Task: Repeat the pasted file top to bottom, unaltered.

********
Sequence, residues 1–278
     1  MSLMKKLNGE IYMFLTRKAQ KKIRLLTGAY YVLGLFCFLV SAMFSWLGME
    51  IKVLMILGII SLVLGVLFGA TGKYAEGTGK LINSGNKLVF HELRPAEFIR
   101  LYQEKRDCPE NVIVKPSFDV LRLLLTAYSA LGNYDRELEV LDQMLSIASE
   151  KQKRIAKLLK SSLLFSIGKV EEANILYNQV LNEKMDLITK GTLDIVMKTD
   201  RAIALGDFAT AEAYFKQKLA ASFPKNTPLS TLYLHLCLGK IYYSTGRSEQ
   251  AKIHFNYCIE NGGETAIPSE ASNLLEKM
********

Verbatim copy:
Sequence, residues 1–278
     1  MSLMKKLNGE IYMFLTRKAQ KKIRLLTGAY YVLGLFCFLV SAMFSWLGME
    51  IKVLMILGII SLVLGVLFGA TGKYAEGTGK LINSGNKLVF HELRPAEFIR
   101  LYQEKRDCPE NVIVKPSFDV LRLLLTAYSA LGNYDRELEV LDQMLSIASE
   151  KQKRIAKLLK SSLLFSIGKV EEANILYNQV LNEKMDLITK GTLDIVMKTD
   201  RAIALGDFAT AEAYFKQKLA ASFPKNTPLS TLYLHLCLGK IYYSTGRSEQ
   251  AKIHFNYCIE NGGETAIPSE ASNLLEKM